Is it possible that hot rollers induce mannishness? One would assume that artificially curling one's hair would result in a more feminine appearance. Strangely, no. Each time I catch a glimpse of myself in a reflective surface, I am somewhat stunned by the incongruous man-face peering out from the center of a soft cloud of curled hair. A dark day for all of us.

March 17, 2007

Lisa: checking in

  • baby - lemon-sized

  • uterus - grapefruit-sized

  • breasts - two glorious California oranges

  • ass - don't ask

  • belly - sticking out even more than usual (Yep, that's a maternity dress.)

  • puke - less frequent

  • heels - holding steady

  • lust for life - intact (If you can still bring yourself to accessorize, all is not lost.)

  • March 13, 2007

    Sarah: Tool of the Week

    During these early spring days I use


    An application every other day,
    Takes the ghostly pallor away.

    March 09, 2007

    Lisa: Tool of the Week

    Over the last 15 years or so, I've tried a lot of mascaras. Luckily, I wasn't makeup-age during the era of the colored lashes, but I've tried every tube my mom ever bought (Clinique, Arbonne, and various other high end stuff), every brand they sell at the drugstore, and some things in between.

    By far, the best mascara I've ever used is...


    The tube is divided in half, with one end being a whitish "lengthening primer" and the other end the black top coat. No lie, this mascara does make my lashes look significantly longer and more full. My natural eyelashes are barely average, but when I started wearing Intense XXL...

  • My mom (who historically only comments on my eye makeup to say that it makes me look like I've been crying) said my eyes looked very glamorous.

  • Defying husband stereotypes everywhere, Blake told me my lashes looked "long and luxurious."

  • A woman I was helping at the library told me I should be an EYELASH MODEL. No, really.
  • This is obviously no ordinary mascara. Try it! And tell me about your favorite beauty product in the comments!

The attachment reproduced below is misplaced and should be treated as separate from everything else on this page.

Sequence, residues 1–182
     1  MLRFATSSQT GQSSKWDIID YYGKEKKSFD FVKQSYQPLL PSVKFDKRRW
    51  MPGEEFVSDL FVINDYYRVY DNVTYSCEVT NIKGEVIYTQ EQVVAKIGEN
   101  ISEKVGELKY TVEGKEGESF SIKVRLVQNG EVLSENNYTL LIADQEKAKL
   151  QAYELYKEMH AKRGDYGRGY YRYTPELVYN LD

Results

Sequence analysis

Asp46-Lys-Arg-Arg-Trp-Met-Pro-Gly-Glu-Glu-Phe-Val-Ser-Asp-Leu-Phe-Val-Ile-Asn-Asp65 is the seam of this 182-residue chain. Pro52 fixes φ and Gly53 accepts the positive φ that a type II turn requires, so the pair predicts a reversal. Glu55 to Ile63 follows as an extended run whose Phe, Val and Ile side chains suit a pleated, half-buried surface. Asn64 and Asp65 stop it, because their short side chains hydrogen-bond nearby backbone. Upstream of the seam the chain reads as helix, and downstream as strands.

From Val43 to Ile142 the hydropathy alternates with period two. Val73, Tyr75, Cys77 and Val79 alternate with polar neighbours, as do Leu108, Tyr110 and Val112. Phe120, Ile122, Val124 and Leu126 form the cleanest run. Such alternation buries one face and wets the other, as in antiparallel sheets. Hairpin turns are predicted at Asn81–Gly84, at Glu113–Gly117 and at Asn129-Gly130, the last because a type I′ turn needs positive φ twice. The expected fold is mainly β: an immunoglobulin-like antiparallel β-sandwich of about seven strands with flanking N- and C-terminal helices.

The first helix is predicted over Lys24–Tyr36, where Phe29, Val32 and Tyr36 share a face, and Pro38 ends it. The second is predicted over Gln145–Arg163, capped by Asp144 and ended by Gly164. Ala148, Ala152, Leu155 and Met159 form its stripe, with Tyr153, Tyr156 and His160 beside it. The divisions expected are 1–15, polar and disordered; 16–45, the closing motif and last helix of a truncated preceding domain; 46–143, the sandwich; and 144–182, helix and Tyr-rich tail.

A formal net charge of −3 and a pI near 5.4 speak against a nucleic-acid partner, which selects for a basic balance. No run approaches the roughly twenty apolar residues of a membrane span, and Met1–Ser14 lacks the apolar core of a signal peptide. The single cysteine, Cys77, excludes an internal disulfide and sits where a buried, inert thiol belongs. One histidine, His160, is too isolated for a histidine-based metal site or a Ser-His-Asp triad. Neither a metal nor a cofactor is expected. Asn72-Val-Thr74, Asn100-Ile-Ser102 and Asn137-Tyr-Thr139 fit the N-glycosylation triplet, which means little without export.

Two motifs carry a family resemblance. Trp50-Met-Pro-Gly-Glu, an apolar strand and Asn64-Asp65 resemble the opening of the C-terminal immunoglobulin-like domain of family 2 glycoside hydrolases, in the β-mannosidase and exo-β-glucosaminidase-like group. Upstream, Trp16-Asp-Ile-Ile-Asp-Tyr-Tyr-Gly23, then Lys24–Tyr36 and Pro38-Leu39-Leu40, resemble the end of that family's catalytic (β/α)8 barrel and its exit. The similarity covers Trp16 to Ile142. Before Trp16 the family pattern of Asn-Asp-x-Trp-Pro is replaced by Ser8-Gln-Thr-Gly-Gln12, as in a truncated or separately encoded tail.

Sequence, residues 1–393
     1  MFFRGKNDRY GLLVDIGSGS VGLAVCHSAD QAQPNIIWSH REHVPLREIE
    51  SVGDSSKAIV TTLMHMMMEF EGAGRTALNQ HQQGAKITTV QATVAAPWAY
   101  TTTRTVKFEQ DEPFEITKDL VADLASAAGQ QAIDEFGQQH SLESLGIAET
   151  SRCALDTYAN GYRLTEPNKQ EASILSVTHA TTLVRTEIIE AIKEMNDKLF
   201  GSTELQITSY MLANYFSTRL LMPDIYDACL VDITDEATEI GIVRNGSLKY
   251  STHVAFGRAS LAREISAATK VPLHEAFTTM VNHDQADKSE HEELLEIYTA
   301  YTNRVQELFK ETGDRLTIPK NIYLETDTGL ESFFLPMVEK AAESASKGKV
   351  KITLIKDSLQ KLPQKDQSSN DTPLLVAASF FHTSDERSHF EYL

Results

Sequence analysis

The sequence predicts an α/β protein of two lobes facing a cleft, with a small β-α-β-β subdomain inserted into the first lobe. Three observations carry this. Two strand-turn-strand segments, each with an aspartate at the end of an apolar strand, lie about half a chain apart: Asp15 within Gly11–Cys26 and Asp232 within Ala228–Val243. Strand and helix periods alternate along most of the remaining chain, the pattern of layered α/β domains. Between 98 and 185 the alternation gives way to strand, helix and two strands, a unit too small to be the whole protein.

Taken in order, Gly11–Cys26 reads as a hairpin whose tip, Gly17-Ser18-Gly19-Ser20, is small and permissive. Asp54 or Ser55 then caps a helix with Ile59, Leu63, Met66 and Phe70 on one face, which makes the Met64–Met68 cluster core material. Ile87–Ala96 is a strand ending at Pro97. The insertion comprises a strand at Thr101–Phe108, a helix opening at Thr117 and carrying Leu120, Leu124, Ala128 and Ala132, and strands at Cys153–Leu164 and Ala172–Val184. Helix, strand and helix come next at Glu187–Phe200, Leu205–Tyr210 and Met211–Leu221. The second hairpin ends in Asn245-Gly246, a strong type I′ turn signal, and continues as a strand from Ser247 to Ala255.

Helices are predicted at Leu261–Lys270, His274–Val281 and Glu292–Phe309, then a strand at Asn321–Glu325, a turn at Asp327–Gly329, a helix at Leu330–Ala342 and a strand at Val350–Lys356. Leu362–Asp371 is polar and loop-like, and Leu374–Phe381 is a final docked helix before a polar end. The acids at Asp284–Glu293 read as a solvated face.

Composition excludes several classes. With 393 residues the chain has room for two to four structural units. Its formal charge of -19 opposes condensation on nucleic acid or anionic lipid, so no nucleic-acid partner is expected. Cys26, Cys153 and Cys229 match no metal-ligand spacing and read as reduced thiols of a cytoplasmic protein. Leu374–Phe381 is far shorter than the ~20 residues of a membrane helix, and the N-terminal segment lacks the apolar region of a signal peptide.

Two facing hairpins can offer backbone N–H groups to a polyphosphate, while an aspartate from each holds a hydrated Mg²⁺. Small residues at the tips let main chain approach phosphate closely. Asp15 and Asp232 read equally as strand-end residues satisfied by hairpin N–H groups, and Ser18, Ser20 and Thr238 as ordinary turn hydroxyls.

March 06, 2007

    Lisa: well-heeled

    Sometimes people question why I spend time or money on 'unneccessary' grooming procedures. Other people ask, "how can you stand to walk in those things" or, "why are you always all dressed up?"


    Excellent grooming goes a surprisingly long way to make up for a lack of natural beauty. Our friend Jennifer Aniston can testify to that. "Excellent grooming" means a regular regime of waxing or shaving, moisturizing, finger- and toenail care, hair upkeep (cut and/or color), daily hairstyling and makeup application, and making sure that whatever clothes you put on constitute an "outfit." You don't have to spend a lot of money on any of it, and it shouldn't be overdone (if all the makeup you need is lipgloss and mascara, great), but it has to be done. I've talked before about showing respect for your body by taking care of it, and I hold to that, but I think for me it's mostly about being prettier.

    Why skirts and heels? Well, quite simply, I think the Fifties look of heels and a skirt with a nipped-in waist is just the most flattering for a traditional female figure. Plus it's easier to pull off a classy, old-school glamour thing than to follow trends--especially when you're no longer 16 years old, over 98 lbs, or don't maintain the figure of an 11-year-old boy.

    Heels look feminine and graceful. They make your legs look longer and more shapely, and change the contour of your butt for the better. Plus, you look like you're putting just THAT much more effort into looking nice.

    Like all of you, I wear pants when the activity calls for it. However, for a woman with hips, a skirt is more flattering than a pair of pants EVERY TIME. And contrary to popular argument, I find that skirts are often more comfortable than pants, due to the lack of restriction around the lady bits.

    Yes, you have to be slightly more conscious of your body when you're wearing heels and a skirt. Wearing a skirt forces you to be ladylike--keep your knees together or risk exposing yourself a la Britney. THIS IS A GOOD THING. What's so bad about comporting yourself like a lady? Sitting with your legs wide apart in jeans still looks vulgar, even if your panties aren't technically visible. Walking in heels, feeling a skirt brushing against your legs--it makes you feel your femininity. Own it.

    I think I dress like a 50s TV housewife for another reason. Even though I consider myself a feminist, deep down I still think I should do (or at least be able to do) everything June Cleaver did. But...I don't really cook much. I'm not the best housekeeper. I'm not always sweet and kind and unruffled, waiting, martini in hand, for my husband to get home from work.

    But I CAN look the part. I can be the best at walking in with a skirt and heels, a smart-looking coat, and a pretty bag. And you know what? We can eat take-out. We can hire someone to clean our house. But it's still frowned upon to pay someone to be sexy for you. So...I figure I picked the most practical of the three.

    February 28, 2007

    Sarah: Tool of the Week

    You know what goes great with lovely waxed eyebrows?


    It goes on smooth and dark, but you have more control over the thickness and general application than with my old eyeliner.

    And no, there's nothing wrong with being ignorant to the wonders of a common beauty product until one is 22 years old. Why do you ask?

    Edited to add relevant links to past Two Loose Teeth entries.